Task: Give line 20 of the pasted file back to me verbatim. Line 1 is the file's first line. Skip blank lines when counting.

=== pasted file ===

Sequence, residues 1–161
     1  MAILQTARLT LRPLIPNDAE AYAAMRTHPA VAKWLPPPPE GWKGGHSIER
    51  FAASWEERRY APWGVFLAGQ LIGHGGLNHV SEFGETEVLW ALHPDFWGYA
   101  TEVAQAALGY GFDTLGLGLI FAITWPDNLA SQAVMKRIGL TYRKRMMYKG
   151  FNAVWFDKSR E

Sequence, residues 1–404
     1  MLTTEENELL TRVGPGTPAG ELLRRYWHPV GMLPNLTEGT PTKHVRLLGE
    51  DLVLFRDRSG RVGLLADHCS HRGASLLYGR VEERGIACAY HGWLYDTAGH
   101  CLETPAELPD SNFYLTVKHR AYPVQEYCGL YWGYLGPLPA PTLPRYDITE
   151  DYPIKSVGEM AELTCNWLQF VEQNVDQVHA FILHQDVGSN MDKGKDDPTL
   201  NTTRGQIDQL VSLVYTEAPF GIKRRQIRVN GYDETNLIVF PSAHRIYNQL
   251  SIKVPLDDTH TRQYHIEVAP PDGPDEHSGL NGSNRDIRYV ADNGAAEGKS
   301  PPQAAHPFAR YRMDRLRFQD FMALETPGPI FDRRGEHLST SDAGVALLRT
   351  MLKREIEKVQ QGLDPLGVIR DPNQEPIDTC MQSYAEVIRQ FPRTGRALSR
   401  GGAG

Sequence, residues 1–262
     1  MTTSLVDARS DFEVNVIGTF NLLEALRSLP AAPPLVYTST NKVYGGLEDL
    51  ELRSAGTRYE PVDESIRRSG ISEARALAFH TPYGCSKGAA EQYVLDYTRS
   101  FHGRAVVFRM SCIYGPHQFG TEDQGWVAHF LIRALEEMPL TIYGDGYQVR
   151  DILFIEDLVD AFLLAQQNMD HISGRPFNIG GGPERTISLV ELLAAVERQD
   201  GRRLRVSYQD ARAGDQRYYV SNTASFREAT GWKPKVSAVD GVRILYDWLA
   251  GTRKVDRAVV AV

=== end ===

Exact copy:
   151  DILFIEDLVD AFLLAQQNMD HISGRPFNIG GGPERTISLV ELLAAVERQD